When you think about ways to reduce arthritis pain, changing your diet may not be the first thing that comes to mind. But although arthritis may not seem closely related to what you eat, the truth is, the foods you eat affect your joints much more than you may think.
That said, no one has yet perfected a diet “cure” for arthritis. However, certain foods are known to help reduce inflammation associated with arthritis, and other symptoms, like joint stiffness.
By adding these choices—called “anti-inflammatory” foods—to your diet, and later, reducing foods that are considered “inflammatory” (more on that later) you might be pleasantly surprised to notice your joint pain and stiffness lessening.
Here are examples of foods with anti-inflammatory properties you can try adding to your diet to help improve the symptoms of your arthritis:
- Cherry Juice (tart, not sweet)
- Fatty Fish
- Green Leafy Vegetables
- Box Choy
- Swiss chard
How to Get Started
If your current diet includes few or none of the foods on this list, don’t worry—it’s better anyway to make small, gradual changes to your diet, since it will be easier for your body to adapt and you’re more likely to stick with your new, healthier routine. So, instead of completely emptying your pantry and starting from scratch, gradually build a diet that can help reduce your joint pain and stiffness one step at a time.
Once you’ve discovered new foods you like, you can start eliminating any inflammation-causing foods that are still in your diet without feeling deprived—just like you did with adding new foods, do it gradually. In general, these inflammatory foods include anything that is highly processed, with additives or artificially dyed, or with a high sugar content.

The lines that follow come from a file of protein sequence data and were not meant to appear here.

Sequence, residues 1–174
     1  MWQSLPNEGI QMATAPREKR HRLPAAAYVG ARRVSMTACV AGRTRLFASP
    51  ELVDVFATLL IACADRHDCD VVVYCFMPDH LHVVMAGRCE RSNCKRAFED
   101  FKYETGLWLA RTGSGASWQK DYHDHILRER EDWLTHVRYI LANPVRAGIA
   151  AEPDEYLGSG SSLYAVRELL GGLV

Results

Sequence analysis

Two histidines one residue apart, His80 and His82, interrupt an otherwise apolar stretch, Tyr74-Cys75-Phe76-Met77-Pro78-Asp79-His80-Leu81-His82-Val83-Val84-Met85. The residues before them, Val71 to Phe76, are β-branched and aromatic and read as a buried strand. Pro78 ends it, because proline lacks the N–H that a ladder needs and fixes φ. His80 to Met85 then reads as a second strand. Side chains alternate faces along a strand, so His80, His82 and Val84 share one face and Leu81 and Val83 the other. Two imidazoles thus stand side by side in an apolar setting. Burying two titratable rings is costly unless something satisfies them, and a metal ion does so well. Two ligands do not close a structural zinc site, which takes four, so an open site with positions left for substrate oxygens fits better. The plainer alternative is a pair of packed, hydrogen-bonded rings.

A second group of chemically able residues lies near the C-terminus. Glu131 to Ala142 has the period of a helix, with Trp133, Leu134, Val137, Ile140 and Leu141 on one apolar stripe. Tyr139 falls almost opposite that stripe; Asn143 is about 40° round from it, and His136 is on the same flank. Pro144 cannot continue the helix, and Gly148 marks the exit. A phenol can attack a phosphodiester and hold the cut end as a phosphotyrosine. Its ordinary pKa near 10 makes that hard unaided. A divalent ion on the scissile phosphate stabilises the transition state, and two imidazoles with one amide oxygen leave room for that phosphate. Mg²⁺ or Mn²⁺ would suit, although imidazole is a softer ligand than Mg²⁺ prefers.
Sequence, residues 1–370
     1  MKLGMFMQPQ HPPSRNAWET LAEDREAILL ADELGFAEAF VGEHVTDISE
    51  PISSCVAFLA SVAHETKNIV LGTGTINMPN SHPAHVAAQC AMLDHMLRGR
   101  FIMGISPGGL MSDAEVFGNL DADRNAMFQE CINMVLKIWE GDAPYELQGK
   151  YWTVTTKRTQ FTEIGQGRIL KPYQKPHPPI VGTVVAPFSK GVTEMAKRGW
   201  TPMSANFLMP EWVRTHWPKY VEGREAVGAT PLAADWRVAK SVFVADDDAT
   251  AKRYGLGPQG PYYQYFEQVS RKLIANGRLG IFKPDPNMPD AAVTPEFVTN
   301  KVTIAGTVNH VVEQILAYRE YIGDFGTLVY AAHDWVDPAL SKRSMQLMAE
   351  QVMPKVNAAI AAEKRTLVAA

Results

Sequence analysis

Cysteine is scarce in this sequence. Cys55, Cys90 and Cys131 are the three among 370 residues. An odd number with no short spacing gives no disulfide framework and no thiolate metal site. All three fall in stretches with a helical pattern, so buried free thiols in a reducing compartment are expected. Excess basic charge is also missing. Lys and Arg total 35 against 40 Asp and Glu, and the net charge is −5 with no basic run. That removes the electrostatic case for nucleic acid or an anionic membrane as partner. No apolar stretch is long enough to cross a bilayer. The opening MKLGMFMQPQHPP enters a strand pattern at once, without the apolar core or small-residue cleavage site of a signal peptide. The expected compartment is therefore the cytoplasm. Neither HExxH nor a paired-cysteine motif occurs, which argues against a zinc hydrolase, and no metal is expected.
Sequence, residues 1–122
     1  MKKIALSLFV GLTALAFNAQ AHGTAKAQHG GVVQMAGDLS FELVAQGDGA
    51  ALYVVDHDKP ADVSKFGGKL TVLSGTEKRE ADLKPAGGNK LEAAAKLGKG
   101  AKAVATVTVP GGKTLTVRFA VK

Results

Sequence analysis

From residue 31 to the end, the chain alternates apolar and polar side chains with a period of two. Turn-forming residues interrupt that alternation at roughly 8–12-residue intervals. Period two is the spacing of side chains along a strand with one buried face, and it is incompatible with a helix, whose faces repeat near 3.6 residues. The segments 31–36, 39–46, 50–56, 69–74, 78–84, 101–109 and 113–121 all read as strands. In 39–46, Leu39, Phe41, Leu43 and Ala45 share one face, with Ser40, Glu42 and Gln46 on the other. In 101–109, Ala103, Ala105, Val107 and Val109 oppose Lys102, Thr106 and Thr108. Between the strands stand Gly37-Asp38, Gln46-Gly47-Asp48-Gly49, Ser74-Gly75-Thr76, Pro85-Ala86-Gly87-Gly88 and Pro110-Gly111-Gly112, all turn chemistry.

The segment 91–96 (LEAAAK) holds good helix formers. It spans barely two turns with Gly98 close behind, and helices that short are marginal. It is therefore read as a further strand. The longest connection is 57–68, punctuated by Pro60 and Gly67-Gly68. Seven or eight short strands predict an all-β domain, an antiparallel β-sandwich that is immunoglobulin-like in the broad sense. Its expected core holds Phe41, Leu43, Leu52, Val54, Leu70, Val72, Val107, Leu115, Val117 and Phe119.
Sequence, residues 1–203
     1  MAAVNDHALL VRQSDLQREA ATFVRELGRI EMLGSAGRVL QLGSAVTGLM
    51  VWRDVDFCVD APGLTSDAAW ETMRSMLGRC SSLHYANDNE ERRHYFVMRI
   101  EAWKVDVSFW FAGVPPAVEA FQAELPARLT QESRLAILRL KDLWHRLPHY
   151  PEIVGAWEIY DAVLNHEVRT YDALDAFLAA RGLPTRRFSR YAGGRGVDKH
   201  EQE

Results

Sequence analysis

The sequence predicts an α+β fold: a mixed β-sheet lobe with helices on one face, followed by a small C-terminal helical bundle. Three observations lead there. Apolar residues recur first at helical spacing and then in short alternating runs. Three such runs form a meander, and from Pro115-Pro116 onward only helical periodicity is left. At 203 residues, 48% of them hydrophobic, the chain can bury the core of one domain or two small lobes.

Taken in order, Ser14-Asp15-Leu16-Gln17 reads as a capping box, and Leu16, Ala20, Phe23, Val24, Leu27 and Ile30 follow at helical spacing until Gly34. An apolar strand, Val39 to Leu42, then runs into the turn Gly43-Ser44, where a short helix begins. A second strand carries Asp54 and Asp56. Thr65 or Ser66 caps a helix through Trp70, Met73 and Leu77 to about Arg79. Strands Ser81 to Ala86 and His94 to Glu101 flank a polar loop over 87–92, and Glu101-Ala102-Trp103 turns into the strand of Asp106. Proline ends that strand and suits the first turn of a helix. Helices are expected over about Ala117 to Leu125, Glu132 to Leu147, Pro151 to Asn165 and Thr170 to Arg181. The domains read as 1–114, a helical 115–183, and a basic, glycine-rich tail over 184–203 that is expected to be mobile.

Here are some other tips to help support your efforts to build a healthier, anti-inflammatory diet:
- If you have arthritis in your hands, sometimes preparing foods can be difficult, such as cutting fresh vegetables or opening a can of tuna. If this is true for you, try using precut frozen fruits and vegetables instead, and look for tuna and salmon in sealed pouches.
- If your diet changes aren’t helping you as much as you’d like, consider eliminating wheat. It’s not necessary to go all in and join the gluten-free movement, but you may have a sensitivity to wheat that is causing inflammation in your body.
- When flavoring foods, try using turmeric and ginger—both are known for their anti-inflammatory properties.
- When you’re starting out, buy a variety of fresh fruits and veggies in very small qualities and discover what you like best.
Finally, remember that while changing your diet can help bring about positive changes, when you combine an anti-inflammatory diet with other healthy lifestyle behaviors—such
as getting enough daily physical activity, sleep and following your doctor’s advice—the results will likely be even better.